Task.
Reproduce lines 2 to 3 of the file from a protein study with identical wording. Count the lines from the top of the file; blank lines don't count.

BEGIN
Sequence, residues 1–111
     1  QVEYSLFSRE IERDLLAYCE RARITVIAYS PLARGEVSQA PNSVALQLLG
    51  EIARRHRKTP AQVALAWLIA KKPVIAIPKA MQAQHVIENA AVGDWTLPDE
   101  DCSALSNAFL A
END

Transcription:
     1  QVEYSLFSRE IERDLLAYCE RARITVIAYS PLARGEVSQA PNSVALQLLG
    51  EIARRHRKTP AQVALAWLIA KKPVIAIPKA MQAQHVIENA AVGDWTLPDE